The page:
The coffin that sits centre stage at the opening of Northern Stage's new dramatisation of Ted Lewis' grim slice of post-1960s pulp fiction is as symbolic of the demise of northern England's industrial powerhouse as the mountain of bricks behind it. It is also what drags local tough guy made good Jack Carter back from the affluent south to make a prodigal's return to bury his brother Frank. What Jack returns to, as anyone who has seen Mike Hodges' iconic big-screen 1971 adaptation will know, is a murky world of back-street gangsterism that preys on an acquisitive desperation for the good life flogged off as cheap thrills. Booze, home-made porn and bent slot machines are all fair game.
By returning to Lewis' book, writer Torben Betts and director Lorne Campbell manage to fill in the blanks the film left out through a last-gasp interior monologue cum confessional that lays bare Jack's own messed-up psychology in an even more messed-up world. Jack is played by Kevin Wathen, who leads a cast of seven with a steely fury that gives the piece its perverted moral compass in the face of a grotesquely observed array of reptilian hit-men and molls.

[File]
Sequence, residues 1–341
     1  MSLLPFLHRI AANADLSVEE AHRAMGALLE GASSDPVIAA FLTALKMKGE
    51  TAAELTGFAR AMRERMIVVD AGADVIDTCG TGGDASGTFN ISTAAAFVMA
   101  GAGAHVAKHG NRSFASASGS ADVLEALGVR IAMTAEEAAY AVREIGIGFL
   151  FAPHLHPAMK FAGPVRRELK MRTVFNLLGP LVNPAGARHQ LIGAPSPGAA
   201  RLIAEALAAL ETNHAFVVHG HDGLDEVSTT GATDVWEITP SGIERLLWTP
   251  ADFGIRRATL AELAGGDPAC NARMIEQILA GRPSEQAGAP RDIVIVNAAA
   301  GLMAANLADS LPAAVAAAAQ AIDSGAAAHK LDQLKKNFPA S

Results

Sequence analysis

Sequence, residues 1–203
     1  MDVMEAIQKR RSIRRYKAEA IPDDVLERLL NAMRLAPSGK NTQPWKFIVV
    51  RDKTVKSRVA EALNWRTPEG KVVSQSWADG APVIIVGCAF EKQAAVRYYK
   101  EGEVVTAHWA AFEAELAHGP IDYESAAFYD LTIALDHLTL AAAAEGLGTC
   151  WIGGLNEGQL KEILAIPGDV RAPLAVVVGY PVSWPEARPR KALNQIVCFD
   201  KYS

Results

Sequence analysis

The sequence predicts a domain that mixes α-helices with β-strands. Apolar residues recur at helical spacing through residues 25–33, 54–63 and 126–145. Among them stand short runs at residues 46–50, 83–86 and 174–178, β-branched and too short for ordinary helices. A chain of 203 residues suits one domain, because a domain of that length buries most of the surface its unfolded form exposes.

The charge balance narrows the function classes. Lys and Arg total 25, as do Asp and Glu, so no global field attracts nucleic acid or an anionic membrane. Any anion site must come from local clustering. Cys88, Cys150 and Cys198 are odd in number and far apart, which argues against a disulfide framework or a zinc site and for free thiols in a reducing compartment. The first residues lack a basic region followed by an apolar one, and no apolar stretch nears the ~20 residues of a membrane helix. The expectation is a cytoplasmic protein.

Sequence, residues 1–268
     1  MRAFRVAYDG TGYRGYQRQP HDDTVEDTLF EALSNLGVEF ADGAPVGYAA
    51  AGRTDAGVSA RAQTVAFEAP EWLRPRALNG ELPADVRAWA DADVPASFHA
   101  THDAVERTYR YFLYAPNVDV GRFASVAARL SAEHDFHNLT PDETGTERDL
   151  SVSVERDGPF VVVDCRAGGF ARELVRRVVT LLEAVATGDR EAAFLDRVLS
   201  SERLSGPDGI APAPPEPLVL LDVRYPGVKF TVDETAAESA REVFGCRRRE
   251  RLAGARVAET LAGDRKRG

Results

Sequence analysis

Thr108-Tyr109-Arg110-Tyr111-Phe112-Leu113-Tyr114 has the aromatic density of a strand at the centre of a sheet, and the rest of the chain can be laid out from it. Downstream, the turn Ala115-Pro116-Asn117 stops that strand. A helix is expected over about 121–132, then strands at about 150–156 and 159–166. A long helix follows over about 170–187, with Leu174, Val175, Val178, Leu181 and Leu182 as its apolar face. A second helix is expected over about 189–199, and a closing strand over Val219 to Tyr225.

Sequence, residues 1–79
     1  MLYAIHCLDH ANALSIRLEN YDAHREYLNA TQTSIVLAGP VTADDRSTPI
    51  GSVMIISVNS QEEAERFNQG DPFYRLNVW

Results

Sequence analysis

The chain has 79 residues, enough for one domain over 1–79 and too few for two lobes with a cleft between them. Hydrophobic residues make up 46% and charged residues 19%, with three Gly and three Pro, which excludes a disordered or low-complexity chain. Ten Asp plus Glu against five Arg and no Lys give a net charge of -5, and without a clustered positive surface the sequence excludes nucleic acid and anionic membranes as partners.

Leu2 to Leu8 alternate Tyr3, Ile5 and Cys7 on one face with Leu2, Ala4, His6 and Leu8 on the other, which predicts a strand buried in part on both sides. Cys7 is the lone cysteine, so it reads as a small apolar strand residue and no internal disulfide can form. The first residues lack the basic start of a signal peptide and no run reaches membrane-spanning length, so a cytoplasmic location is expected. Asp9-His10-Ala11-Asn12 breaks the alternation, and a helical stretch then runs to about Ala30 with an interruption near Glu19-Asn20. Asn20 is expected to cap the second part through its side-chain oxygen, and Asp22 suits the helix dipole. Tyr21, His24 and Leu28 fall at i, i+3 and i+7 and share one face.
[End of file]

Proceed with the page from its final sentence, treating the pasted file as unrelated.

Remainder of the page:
Frank is personified onstage by jazz drummer Martin Douglas, whose pitter-pattering brush strokes sound increasingly like a death knell. Surrounded by the damaged goods of the never-had-it-so-bad years, Jack also exposes how the dream of post-war urban renewal became a pyre of civic corruption fuelled by empire-building greed. All of this is shot through with the depth and intensity of Greek tragedy in a stylish and unremitting piece of slow-burning brutalist noir.
The Herald, March 11th 2016